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National League

Ishii Provides a Shot in the Arm

Dodgers: Rookie left-hander's impressive debut is the third consecutive strong outing for the rotation.

April 07, 2002|JASON REID | TIMES STAFF WRITER

Pitcher Kazuhisa Ishii was the center of attention Saturday night at Dodger Stadium, putting the Dodgers on the spot too.

The Japanese left-hander's major league debut would have been a big deal under any circumstances, but Ishii's command problems in spring training raised the stakes for him and concerned club officials. It was finally time to raise the regular-season curtain for better or worse, and the Dodgers were on the edge of their seats.

Ishii put them at ease in the rotation's third consecutive strong performance after consecutive flops, making the Colorado Rockies uncomfortable in a 9-2 victory.

After keeping the Dodgers guessing, Ishii delivered 52/3 shutout innings and matched a Los Angeles franchise record with 10 strikeouts in his first start. The Rockies were thrown off-balance from the outset against his late-breaking slider, swinging wildly at Ishii's best pitch, and sharp fastball clocked consistently at 92 mph.

Talk about a collective sigh of relief.

"I know he had some problems in the spring, so this might sound crazy, but I really thought he was close to getting his rhythm," catcher Paul Lo Duca said. "I mean, you saw the stuff he throws, an above-average fastball, curve, slider and split, and you just figured he's too good not to get it all together at some point.

"Obviously, you need to see if he can do it every fifth day here. That was a question that was going to be asked, especially with the way it went for him in the spring. It's just a matter of him settling in and getting used to all this media attention."

The entire rotation is already under the microscope.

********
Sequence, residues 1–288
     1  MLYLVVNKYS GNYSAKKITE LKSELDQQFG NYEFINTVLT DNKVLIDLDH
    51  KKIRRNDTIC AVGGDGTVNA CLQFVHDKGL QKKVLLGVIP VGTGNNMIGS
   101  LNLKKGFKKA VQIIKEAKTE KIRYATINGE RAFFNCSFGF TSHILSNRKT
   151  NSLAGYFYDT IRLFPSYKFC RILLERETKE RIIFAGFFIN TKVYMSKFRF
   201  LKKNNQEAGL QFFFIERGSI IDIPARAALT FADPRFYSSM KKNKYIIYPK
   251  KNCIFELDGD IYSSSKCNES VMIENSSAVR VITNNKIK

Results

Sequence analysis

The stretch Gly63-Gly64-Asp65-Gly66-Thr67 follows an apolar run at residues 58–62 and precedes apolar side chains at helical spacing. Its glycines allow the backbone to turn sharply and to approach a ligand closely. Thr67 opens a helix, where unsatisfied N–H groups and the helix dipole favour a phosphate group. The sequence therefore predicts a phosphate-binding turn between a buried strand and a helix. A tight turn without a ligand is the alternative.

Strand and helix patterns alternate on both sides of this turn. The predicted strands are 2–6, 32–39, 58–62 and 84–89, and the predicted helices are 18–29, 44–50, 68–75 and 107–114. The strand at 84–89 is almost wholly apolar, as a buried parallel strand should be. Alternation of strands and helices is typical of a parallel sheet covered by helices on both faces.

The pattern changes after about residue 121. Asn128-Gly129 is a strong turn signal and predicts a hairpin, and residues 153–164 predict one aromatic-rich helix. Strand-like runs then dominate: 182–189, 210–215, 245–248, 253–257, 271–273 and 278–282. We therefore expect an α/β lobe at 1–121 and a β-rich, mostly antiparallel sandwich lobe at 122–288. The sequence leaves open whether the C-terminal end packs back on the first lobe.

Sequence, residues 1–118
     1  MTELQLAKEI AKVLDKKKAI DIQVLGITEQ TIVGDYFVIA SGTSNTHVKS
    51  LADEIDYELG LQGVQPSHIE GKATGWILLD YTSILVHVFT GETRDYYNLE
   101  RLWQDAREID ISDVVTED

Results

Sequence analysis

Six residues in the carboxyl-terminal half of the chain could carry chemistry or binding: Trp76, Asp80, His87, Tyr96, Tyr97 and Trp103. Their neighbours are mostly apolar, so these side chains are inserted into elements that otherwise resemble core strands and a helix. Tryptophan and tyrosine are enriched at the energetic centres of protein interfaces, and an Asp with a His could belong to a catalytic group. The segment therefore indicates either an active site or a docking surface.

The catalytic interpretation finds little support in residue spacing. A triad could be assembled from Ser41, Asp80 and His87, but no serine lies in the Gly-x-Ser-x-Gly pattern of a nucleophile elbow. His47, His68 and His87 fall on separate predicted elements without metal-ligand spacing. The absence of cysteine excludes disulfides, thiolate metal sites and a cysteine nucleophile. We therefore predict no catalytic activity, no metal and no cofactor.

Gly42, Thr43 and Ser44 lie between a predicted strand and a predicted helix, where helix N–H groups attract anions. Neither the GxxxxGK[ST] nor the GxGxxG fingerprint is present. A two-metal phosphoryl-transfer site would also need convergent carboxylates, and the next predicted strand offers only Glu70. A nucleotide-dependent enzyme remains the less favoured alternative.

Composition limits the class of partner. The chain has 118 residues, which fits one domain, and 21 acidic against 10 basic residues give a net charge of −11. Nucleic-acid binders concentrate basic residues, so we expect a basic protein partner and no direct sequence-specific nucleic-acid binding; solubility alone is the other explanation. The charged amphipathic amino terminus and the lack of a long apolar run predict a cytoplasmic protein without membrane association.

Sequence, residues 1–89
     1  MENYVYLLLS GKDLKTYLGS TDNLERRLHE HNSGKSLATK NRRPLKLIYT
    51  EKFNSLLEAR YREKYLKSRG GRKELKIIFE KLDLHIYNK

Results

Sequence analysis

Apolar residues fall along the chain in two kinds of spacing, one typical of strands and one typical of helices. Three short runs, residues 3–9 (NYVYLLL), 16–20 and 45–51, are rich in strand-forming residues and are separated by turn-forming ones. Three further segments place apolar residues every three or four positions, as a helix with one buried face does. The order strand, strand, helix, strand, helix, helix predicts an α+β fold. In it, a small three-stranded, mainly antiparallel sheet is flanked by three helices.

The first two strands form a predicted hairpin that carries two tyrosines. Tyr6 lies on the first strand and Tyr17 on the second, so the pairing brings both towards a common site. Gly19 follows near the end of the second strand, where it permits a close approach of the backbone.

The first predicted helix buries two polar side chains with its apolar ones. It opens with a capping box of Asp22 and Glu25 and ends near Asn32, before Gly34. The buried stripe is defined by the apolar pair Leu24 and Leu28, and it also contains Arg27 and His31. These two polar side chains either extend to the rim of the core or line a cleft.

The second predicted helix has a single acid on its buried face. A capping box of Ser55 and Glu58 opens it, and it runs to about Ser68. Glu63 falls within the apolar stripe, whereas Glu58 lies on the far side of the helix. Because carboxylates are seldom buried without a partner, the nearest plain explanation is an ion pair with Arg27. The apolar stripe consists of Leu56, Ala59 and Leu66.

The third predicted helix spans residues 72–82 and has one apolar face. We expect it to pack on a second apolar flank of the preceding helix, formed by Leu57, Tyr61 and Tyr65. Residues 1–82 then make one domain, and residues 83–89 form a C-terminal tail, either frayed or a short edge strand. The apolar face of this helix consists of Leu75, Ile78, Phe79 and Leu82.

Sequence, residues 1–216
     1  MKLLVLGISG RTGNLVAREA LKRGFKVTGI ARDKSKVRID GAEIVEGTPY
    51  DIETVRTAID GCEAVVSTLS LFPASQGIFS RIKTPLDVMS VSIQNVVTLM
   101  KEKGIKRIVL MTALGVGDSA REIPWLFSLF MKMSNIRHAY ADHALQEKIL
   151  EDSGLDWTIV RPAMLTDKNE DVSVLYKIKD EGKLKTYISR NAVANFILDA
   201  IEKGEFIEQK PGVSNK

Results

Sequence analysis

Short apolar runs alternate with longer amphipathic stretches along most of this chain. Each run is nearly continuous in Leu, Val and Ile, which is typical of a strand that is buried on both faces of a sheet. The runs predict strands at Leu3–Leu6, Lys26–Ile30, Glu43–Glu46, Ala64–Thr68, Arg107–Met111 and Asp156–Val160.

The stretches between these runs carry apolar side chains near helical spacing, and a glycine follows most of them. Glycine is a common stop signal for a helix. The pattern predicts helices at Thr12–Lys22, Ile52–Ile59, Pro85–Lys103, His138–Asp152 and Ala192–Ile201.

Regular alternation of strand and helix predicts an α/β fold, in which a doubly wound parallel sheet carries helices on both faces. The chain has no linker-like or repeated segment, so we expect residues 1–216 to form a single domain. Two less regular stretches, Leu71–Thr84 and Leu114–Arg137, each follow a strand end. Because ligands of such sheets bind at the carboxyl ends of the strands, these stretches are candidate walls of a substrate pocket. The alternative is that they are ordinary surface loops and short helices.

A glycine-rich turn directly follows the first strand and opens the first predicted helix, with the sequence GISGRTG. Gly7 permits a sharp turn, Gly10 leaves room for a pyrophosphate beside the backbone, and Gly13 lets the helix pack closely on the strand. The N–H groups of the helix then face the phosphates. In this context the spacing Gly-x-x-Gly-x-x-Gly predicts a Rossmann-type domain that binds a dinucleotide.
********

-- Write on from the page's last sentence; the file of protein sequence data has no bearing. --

Nos. 1 and 2 starters Kevin Brown and Hideo Nomo struggled in their outings against the San Francisco Giants. However, Odalis Perez worked 52/3 strong innings in his Dodger debut, and Andy Ashby was sensational in shutting out the Rockies in seven innings Friday, his first appearance since last April 12, while leading the Dodgers to their first victory.

With Ishii also delivering, General Manager Dan Evans believes the new-look rotation is off to a solid start overall.

"One through five, we're pretty good," Evans said. "I'm not going to rank it, in terms of where our rotation is in relation to other clubs, but we think that we will [avoid] longer losing streaks. The advantage of having your strength in your pitching staff is that you don't go into as many prolonged slumps with strong pitching staffs."

The Dodgers did not invest $23.46 million in Ishii to have him work out of the bullpen, so he was going to begin the season in the rotation no matter how he fared this spring. Of course, Ishii might not have been so nervous had the Dodgers announced early in spring he would open in the bullpen, but they couldn't change course with Ishii's confidence already in question.

"That's not something we were going to do because we believe in this guy," Manager Jim Tracy said. "That's never been a question in my mind, and I know [pitching coach Jim Colborn] feels the same way.

"He's going to contribute to what the Los Angeles Dodgers are trying to accomplish. And I'm not just talking about for this year."

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